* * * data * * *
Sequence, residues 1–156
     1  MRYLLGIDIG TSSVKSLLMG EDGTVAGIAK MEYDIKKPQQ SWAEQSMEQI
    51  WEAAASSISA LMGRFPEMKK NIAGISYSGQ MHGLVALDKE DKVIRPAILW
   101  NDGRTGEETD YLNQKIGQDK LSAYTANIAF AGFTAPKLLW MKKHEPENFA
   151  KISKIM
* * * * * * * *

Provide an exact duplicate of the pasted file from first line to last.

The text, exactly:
Sequence, residues 1–156
     1  MRYLLGIDIG TSSVKSLLMG EDGTVAGIAK MEYDIKKPQQ SWAEQSMEQI
    51  WEAAASSISA LMGRFPEMKK NIAGISYSGQ MHGLVALDKE DKVIRPAILW
   101  NDGRTGEETD YLNQKIGQDK LSAYTANIAF AGFTAPKLLW MKKHEPENFA
   151  KISKIM